Aside from endless beaches and a plentiful food supply, Wessling cited equally compelling reasons why the indigenous Butchulla people named the island K’gari’, or paradise. As he drove uphill and inland from the beach along rutted sand tracks scoured by recent rains, a startling azure expanse rose into view. Perched among bleached columns of eucalyptus trees—Fraser is the only place on Earth where towering rain forest grows in sand—Lake McKenzie is the most impressive and easiest to reach of more than a hundred such dune lakes that freckle the island’s subtropical environment. To further heighten the effect, white silica sand collars the foreshore. You can shine up silver or gold jewellery with silica—instant lustre renewal. Rub some on your skin to achieve a tingly effect.

      Fraser’s wonderland extends beyond the lake to sacred streambed birthing places at Central Station, a former logging camp that now serves as a peaceful sanctuary for both trekkers and day-trippers keen to learn more about the island interplay between nature and humans. Water filtered through sand is some of the cleanest in the world, and here it provided an antiseptic medium in which the island’s indigenous women once delivered children. The last group of resident natives left Fraser for the mainland a century ago. Treaty negotiations have recently seen ownership of a portion of the island returned to the Butchulla. Newly installed bronze totems along Central Station’s boardwalk trail, sculpted by aboriginal artists, silently witness the reclamation.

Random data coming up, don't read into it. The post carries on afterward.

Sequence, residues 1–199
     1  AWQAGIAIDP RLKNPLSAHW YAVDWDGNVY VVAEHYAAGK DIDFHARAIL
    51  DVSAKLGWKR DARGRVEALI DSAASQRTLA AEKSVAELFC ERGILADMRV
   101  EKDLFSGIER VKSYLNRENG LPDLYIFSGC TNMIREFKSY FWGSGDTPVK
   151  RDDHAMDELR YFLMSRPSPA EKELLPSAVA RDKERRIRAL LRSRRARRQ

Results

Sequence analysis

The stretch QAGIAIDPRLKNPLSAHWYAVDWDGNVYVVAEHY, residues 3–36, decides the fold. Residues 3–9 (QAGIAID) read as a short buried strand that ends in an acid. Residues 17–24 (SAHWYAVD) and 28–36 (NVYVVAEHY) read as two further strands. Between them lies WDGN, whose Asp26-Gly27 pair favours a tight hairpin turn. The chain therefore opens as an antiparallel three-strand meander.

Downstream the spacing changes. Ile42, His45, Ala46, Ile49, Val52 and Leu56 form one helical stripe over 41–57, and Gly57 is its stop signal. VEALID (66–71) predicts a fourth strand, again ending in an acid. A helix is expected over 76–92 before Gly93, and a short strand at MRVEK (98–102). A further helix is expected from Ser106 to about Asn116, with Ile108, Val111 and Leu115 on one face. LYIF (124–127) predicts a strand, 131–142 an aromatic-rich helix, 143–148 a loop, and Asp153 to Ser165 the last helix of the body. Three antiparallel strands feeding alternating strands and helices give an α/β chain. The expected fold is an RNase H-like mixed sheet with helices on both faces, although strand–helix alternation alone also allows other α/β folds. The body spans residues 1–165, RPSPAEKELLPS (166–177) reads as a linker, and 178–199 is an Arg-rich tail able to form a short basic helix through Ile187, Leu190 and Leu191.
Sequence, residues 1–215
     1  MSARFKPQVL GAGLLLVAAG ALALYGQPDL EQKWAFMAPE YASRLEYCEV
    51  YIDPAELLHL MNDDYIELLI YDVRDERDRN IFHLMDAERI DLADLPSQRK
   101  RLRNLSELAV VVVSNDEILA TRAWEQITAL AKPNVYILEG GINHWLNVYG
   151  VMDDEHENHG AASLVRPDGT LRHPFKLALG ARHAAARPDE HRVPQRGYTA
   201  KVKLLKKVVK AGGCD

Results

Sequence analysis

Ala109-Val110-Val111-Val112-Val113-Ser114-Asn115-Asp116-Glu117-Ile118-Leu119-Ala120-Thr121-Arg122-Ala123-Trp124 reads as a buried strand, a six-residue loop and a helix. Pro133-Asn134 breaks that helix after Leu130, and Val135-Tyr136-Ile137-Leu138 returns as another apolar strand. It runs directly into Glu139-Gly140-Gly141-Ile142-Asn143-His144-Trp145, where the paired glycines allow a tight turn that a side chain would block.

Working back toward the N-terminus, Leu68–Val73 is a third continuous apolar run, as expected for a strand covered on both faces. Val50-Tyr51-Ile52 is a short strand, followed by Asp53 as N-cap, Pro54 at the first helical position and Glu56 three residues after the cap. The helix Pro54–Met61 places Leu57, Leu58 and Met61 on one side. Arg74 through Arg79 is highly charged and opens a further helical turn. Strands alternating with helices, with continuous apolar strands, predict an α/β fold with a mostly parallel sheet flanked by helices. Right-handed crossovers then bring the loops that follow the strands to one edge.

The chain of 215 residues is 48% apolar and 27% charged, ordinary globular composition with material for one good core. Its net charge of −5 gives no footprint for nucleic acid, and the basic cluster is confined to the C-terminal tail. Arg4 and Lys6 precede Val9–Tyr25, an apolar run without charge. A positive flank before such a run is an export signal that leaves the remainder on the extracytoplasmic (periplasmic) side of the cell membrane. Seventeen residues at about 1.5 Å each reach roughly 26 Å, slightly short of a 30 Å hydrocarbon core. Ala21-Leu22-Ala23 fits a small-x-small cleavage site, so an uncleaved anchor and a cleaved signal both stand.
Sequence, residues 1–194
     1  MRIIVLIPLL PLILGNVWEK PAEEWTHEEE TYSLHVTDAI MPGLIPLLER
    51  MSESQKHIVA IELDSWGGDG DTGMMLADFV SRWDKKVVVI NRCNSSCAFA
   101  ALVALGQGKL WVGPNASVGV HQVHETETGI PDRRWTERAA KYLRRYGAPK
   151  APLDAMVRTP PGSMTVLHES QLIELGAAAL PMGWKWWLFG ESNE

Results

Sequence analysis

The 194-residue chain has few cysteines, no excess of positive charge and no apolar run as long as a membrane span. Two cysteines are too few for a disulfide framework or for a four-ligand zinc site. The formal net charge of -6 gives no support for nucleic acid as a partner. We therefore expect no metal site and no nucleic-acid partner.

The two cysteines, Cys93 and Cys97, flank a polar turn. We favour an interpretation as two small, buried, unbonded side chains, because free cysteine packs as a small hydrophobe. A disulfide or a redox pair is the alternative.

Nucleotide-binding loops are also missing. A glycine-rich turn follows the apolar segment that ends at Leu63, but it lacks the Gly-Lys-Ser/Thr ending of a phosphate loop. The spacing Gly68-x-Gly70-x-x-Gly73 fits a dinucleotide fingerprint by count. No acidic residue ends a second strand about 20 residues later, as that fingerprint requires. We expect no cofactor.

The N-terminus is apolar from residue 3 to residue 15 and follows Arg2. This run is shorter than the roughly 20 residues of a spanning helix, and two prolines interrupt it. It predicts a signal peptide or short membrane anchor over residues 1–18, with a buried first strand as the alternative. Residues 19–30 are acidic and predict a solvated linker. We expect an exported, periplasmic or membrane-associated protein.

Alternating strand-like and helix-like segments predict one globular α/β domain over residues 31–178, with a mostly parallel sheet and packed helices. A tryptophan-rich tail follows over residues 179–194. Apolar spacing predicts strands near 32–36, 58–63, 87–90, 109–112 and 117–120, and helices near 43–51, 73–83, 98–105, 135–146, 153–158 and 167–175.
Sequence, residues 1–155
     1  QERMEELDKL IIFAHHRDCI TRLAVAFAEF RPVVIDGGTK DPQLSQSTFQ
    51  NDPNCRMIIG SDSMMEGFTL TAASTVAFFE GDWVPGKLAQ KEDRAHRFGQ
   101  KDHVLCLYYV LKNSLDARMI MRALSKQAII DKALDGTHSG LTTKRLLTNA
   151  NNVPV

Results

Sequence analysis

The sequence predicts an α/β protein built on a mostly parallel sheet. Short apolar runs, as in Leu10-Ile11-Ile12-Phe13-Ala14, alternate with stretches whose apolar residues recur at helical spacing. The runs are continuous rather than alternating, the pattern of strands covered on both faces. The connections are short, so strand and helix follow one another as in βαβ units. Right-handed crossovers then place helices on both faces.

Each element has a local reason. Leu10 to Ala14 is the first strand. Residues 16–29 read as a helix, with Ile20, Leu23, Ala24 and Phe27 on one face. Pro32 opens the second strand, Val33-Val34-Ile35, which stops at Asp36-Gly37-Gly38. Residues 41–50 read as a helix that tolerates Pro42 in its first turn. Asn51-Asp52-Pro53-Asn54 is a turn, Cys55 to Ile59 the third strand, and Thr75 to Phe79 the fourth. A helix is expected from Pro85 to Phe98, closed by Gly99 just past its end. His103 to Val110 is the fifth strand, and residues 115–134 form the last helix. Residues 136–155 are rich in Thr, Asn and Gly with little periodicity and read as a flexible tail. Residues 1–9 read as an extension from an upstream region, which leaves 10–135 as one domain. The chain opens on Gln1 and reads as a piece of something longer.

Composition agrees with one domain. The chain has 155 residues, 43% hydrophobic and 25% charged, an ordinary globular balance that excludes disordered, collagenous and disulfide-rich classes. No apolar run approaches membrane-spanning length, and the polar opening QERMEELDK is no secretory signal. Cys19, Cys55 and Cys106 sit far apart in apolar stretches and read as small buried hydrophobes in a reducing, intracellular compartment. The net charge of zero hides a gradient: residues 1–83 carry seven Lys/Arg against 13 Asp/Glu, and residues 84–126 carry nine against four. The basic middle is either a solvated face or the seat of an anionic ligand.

Ferries constantly shuttle across the Great Sandy Strait between the Queensland coast and Kingfisher Bay, the major port of call for Fraser Island tours as well as one of two island locations offering overnight accommodation. Passengers are welcome on the bridge to chat with the captain during the one-hour crossing. Crew members are prime sources of insider information on geographical details and the best chances of sighting marine wildlife such as humpback whales, considerable numbers of which frequent the strait from July to November. Seems like all creatures great and small gravitate to Fraser Island.

      ACCESS: Fraser Island lies 300 kilometres north of Brisbane on Queensland’s east coast. For details on day trips and extended island tours, visit www.fraserexplorertours.com, www.frasercoastholidays.info, and www.queenslandholidays.com.au. Daily ferry service to Fraser Island destinations, including Kingfisher Bay, departs from River Heads, Hervey Bay, and Wanggoolba Bay. For details, visit www.fraserislandbarges.com.au/.



      Graeme McIlveen

      Oct 19, 2010 at 3:38pm

      As a local from nearby Brisbane, I enjoyed reading about Fraser as a thoughtful Canadian visitor sees it. Yes, visit for a day or stay for a week. Swimming in the cool crystal clear fresh water lakes is definitely a must. The 'fearsome critters' are not so bad and Australians don't worry so much about them - you just need to be a little sensible. Bears and moose would frighten me more!